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Lockout agreements

In ordinary contract law, there can be ‘no agreement to agree’ binding on the parties.  In order to address this, pre-contract agreements known as Lockout Agreements are sometimes used in commercial property transactions. These aim to secure a pre-contract ‘exclusivity’ period for a potential buyer to enable the buyer to carry out searches, surveys and investigations before committing to the purchase, while avoiding the risk of a landowner accepting another offer in the meantime.  They do not bind either party to proceed with the transaction.

Lockout are not lengthy agreements, but both the buyer and the seller need to carefully consider whether they wish to enter into such an arrangement, taking into account the specific circumstances of the proposed sale. It goes without saying that if a landowner is intent on being free to deal elsewhere then he should not enter into a lockout agreement

The key considerations are:

The Lockout Period

In most lockout agreements the period of exclusivity is to be of short duration. It is unlikely that the landowner agree to an unnecessarily long period of exclusivity, unless there is some valuable consideration paid to incentivise him.

Although the case of Walford v Miles 1992 confirms an open-ended period is not enforceable, that case did not lay down any guidelines as to the length of exclusivity periods. Lockout periods, in practice, tend to range from several weeks to up to six months, depending on the circumstances.

The lengthier periods encountered in practice are most often associated with the need for the prospective buyer to investigate whether its special requirements for development of the land are likely to receive favourable treatment by the local planning authority.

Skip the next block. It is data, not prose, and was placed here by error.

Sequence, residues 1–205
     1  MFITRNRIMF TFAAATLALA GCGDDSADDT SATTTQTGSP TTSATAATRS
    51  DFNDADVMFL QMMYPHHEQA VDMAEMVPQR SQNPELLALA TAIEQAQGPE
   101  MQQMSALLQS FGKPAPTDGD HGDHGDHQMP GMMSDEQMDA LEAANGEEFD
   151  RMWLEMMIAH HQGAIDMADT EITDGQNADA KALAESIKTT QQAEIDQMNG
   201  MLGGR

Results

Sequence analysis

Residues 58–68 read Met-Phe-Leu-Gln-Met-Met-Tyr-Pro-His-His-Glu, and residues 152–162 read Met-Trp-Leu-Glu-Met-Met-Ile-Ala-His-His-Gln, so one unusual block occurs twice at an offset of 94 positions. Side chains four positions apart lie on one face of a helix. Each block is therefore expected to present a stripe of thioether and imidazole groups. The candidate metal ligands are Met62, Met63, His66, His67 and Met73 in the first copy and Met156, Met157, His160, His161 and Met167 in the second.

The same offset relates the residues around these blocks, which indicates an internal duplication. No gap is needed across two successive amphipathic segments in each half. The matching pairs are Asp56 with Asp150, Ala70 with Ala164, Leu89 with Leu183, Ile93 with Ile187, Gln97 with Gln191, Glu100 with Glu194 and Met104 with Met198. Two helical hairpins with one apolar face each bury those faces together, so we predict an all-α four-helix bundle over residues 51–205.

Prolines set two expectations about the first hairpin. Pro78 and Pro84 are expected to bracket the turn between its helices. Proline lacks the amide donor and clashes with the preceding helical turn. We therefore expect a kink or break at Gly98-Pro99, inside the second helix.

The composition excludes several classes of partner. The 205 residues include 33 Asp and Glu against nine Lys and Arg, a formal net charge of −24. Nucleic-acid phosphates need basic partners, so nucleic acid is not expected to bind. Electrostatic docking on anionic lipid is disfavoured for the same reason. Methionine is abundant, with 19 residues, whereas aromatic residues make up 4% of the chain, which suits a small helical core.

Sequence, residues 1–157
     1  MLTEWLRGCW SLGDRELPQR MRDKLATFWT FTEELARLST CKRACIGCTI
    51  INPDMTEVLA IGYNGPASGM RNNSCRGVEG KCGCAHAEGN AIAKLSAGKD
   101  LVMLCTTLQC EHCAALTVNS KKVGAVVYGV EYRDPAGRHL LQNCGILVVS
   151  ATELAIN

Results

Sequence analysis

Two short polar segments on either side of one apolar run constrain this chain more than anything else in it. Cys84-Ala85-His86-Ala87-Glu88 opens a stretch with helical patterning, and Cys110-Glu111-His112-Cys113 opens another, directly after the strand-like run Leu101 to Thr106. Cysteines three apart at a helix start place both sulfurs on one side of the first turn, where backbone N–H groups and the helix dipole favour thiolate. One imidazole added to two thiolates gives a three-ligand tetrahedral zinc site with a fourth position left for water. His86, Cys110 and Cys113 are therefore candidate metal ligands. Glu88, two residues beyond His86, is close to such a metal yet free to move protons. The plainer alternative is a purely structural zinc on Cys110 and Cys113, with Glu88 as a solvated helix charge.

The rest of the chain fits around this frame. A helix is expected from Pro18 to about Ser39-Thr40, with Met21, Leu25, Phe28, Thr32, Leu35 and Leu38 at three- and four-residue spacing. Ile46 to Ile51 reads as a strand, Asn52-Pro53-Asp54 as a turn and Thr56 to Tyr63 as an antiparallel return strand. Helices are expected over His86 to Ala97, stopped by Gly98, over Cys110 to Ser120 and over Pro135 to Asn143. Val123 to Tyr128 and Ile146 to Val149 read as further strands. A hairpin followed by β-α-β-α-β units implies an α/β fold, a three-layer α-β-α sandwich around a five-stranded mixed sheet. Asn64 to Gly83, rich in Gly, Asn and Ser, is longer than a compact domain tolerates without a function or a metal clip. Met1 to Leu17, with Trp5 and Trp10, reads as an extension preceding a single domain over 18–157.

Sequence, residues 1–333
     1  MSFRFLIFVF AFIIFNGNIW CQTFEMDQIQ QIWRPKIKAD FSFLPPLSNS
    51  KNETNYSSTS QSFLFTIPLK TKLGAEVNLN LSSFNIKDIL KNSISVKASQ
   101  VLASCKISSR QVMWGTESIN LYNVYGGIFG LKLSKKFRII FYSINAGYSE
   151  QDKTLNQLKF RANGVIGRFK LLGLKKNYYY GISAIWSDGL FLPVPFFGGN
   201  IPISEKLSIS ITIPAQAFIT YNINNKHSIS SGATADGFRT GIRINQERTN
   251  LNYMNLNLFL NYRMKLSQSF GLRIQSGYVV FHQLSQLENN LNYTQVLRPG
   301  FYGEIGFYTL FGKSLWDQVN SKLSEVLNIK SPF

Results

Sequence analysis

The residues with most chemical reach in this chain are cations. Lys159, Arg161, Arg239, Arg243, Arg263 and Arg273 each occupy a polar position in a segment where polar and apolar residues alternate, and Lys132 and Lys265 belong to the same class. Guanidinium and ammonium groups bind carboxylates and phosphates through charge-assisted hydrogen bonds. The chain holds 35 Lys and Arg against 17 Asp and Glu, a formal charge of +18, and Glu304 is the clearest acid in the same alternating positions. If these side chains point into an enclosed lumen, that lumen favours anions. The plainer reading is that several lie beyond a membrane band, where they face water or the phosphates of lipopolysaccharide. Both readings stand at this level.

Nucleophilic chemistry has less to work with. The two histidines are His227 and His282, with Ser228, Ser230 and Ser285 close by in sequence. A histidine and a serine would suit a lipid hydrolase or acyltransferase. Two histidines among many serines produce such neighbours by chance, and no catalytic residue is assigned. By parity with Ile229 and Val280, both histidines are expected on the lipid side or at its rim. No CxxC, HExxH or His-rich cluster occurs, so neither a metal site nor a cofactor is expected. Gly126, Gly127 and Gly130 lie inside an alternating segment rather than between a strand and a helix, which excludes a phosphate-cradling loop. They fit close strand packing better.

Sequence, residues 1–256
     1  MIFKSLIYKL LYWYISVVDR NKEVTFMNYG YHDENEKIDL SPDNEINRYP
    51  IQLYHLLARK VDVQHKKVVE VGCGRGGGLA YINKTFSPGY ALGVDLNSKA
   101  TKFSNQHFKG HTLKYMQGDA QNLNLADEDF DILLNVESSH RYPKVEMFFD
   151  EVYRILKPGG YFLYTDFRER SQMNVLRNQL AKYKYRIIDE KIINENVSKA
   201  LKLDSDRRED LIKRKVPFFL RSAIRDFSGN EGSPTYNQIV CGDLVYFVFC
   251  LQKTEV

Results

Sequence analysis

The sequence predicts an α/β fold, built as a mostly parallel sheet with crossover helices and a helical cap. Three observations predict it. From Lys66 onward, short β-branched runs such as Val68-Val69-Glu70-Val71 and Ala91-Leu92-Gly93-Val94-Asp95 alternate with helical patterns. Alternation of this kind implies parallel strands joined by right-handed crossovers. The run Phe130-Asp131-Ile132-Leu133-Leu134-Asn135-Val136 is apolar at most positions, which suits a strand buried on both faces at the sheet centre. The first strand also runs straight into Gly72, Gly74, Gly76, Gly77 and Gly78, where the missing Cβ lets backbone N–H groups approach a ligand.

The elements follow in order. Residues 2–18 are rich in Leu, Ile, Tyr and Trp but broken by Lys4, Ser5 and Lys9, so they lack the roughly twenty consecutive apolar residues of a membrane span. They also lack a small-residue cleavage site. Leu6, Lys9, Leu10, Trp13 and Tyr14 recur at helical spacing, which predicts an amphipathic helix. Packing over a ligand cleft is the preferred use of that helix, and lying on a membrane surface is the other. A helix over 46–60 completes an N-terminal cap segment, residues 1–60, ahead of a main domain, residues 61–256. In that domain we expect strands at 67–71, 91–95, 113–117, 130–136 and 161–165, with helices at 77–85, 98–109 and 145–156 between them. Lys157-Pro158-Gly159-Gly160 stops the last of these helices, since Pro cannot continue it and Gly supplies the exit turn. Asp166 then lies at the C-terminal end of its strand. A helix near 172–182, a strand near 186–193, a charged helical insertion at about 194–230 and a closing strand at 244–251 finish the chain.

The land owner will however need to ensure that its interests are protected against the risk of the prospective buyer delaying unnecessarily, or not making due progress with the investigations or enquiries, particularly where the lockout period is fairly long. The owner also needs to be mindful of the duration of the lockout period in terms of the risk of loss of opportunity, particularly if there is a risk of a falling market.

Restrictions on what the landowner may do during the lockout period

The Buyer’s objective will be to secure a binding commitment in relation to the agreed period where the owner is unable to escape without being liable to the prospective buyer for any losses. However there may be circumstances where some activities on the part of the landowner may be required during the lockout period which may not be inconsistent with the negotiations which the agreement is there to protect. These exceptions need to be mentioned in the agreement.

The proposed scope of investigations

The lockout agreement should define the scope of the buyer’s preliminary investigations which the prospective buyer intends to make during the agreed lockout period.  Full investigations that are likely to take some time and at considerable expense (to cover specific issues, for example, environmental audit, soil survey, obtaining a satisfactory planning permission, etc) would be better protected by the inclusion of conditions precedent in a conditional contract for the sale of the land.

Consequences of breach of lockout obligation by the landowner

A landowner needs to carefully consider whether any incentive offered to them is sufficient to compensate them for the wait.  If a landowner breaches the obligations for example by accepting a much more attractive offer received from a third party during the lockout period, then the prospective buyer will be entitled to make a  damages claim.

A lockout agreement should clearly set out the consequences of breach so that the prospective buyer can recover the loss suffered under the protection of the lockout agreement, and the landowner is aware of the magnitude of risk. The usual rules concerning liquidated damages apply, meaning any sum specified in the lock agreement must be one which is a genuine pre-estimate of the loss that will be suffered, if the contract is breached. The fact that an estimate may not be completely accurate will not normally prevent recovery in the case of breach.  However a penalty sum (meaning a sum that is not a genuine attempt at assessment of loss flowing from breach) will not be an enforceable term.

As in all property matters, the parties should take legal advice early on, to ensure that that the lockout terms are property recorded.

This article is for guidance only and does not constitute specific legal advice.  For advice on using lockout agreements or conditional contracts for the sale of land, and any specific circumstances, please contact commprop@prettys.co.uk.

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